Dating a psychologist comes with lots of preconceived notions that should be sorted out early in a relationship. While it’s true that you’re technically dating a doctor, psychologists usually aren’t medical doctors but they are trained therapists. And since a psychologist’s job is to help people work through problems it might often seem like they’re “working” on you when that’s not the case at all. That’s the problem with the preconceived notions about dating a psychologist.
However, while the cons are more self-evident, there are a lot of great things about dating a psychologist. Once you have an understanding of what to expect you will have everything you need to make the most of your relationship with a psychologist.
Things to Know About a Psychologist
Clinical psychologists have a PhD, which technically makes them doctors. However they did not complete medical school and so they don’t practice medicine. Psychiatrists have medical degrees and that’s why they can diagnose and prescribe medications to their patients.
A “therapist” is a term that loosely encompasses psychologists and psychiatrists as well as people with degrees in counseling and therapy.
To obtain their psychology degrees, psychologists go through a bachelor’s and master’s program and then complete a PhD. They don’t go to medical school (usually, though it’s possible) but they can practice in a hospital or medical office setting. They also have their own practices.
It’s important to remember that just because they’re in the helping profession and they help others to work out problems in their lives, a psychologist isn’t perfect himself. Dating a psychologist without being aware of this can be cause for massive disappointment if you think he has it all together in all aspects of his life. He probably doesn’t. That’s where you come into the picture.
Pros of Dating a Psychologist
How many times have you wanted to be with someone who listens to your problems and gives you honest feedback and advice? While you shouldn’t expect to receive counseling from your psychologist significant other, she’s a great person to talk with after a rough day at work or while dealing with a personal challenge of your own.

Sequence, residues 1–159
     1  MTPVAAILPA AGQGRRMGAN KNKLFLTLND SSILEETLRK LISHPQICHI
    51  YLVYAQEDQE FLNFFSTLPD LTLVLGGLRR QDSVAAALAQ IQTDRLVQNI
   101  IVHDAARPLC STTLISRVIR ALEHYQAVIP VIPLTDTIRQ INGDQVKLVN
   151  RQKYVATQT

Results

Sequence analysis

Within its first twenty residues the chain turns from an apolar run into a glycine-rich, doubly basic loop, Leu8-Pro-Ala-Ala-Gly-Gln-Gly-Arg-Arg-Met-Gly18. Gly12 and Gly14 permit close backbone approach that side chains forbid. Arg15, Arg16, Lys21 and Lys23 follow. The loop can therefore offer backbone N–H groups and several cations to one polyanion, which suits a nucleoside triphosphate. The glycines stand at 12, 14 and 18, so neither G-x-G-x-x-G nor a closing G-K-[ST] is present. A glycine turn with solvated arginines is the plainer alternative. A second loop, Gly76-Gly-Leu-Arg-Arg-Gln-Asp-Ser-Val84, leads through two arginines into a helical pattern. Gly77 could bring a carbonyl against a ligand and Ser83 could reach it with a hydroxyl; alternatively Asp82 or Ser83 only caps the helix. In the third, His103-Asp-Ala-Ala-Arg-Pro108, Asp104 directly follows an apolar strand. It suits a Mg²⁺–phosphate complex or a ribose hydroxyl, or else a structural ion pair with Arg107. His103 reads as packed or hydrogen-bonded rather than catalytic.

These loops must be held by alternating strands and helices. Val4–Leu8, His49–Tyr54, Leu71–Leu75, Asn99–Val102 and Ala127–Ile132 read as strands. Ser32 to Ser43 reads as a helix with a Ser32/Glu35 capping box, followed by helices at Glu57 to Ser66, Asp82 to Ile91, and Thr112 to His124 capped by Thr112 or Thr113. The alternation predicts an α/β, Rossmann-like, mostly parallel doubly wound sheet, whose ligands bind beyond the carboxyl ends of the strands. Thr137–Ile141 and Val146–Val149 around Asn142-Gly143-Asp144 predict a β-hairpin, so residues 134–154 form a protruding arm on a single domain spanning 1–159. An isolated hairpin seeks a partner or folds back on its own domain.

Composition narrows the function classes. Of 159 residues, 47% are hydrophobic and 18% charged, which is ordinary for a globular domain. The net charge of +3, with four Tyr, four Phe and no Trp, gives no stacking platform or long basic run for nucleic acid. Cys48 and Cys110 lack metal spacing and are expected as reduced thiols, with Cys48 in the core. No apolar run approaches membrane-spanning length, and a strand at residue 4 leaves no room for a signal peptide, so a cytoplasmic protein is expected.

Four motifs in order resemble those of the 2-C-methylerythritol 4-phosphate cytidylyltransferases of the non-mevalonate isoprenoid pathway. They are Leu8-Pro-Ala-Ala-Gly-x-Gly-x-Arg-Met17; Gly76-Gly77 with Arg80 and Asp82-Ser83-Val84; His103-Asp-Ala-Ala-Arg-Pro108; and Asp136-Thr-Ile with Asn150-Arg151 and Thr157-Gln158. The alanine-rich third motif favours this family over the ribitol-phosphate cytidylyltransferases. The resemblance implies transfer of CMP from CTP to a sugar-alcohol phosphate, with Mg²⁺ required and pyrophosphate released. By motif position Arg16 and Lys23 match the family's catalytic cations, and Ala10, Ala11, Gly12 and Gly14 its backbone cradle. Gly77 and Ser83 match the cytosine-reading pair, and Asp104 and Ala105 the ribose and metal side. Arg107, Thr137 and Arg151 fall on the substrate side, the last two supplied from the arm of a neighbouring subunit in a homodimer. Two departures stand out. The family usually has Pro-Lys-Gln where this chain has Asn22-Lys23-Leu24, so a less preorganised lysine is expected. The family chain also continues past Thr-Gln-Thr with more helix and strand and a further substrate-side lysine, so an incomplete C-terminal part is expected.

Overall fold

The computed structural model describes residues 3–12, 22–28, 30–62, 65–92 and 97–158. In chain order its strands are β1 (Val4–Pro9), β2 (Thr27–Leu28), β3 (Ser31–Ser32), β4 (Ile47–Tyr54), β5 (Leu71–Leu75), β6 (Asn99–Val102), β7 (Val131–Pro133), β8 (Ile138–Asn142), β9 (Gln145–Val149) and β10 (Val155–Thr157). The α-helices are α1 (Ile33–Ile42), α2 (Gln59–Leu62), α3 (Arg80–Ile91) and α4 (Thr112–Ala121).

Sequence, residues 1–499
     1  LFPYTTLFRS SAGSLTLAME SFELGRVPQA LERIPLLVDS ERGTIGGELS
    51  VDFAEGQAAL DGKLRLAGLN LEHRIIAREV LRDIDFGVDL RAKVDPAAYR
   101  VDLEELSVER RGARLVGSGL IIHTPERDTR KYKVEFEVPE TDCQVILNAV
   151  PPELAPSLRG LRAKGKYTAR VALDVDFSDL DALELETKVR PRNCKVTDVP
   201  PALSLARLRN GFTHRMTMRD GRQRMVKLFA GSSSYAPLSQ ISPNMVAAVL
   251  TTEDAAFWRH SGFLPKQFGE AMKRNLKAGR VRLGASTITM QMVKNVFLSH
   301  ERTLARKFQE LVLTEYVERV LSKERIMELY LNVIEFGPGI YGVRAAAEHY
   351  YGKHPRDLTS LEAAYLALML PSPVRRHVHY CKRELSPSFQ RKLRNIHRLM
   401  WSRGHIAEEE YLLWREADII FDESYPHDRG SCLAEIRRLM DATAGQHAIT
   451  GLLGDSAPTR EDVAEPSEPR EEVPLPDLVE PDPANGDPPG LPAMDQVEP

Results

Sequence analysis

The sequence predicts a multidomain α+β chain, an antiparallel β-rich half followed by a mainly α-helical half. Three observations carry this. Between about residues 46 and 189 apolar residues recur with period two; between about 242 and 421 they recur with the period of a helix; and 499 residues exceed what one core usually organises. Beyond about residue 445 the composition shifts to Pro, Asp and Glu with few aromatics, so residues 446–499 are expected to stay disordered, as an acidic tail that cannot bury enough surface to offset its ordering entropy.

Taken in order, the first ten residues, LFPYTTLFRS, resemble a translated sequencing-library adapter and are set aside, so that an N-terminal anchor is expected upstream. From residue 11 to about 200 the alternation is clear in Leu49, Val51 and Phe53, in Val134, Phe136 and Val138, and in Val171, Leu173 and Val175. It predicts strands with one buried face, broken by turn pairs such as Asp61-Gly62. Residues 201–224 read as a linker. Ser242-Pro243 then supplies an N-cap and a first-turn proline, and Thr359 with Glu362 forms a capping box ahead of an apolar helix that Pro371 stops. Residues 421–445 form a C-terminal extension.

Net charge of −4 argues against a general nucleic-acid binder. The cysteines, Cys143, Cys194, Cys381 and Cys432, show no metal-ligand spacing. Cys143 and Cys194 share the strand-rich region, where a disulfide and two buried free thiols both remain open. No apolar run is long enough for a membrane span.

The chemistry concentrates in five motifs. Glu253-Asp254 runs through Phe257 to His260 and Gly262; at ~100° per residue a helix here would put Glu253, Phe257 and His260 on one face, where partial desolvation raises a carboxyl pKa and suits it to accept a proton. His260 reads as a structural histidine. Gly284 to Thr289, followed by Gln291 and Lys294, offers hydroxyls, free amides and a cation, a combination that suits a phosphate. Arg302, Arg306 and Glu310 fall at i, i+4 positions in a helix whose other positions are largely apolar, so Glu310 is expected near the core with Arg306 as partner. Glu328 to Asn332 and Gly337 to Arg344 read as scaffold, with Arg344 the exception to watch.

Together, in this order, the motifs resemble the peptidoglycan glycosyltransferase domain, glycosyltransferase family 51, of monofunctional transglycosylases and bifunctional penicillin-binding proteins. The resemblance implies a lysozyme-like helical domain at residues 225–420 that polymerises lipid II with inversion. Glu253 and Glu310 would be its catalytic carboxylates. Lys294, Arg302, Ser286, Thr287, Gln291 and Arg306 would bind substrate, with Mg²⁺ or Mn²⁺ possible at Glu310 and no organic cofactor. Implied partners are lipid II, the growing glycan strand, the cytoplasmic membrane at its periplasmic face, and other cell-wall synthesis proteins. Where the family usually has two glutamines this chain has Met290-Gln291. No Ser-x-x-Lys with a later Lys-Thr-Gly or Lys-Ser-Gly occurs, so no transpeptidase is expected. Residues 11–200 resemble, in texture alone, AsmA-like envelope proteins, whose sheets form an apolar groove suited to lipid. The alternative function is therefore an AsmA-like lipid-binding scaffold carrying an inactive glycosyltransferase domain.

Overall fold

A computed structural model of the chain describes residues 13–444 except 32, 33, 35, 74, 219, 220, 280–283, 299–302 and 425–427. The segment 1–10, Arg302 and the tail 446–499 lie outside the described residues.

Psychologists are trained to listen and they do it actively and passively, so while you might just be rattling off the things that happened during the day your partner might be listening for areas where they can help.
On the flip side, it’s important to be there for your psychologist partner as well. They deal with lots of stress at work and might need to decompress after a long day in order to give you their full attention. You need to be able to take on the role of listener for her, too.
Part of being a psychologist is helping people work through challenges in their lives. When it comes to their own partners they are just as patient and understanding. If you’re snappy after a frustrating day at work, he will understand the underlying issue and not pick a fight over it.
Invested in the Health of the Relationship
There’s a joke about relationships that one partner always wants to talk about feelings and emotions while the other doesn’t. When it comes to dating a psychologist feelings and emotions will always be a part of the conversation. Some people are oblivious to problems in their relationships. While it’s possible that a psychologist can be so busy he might miss the signs, it’s more likely that he will see problems and want to address them directly.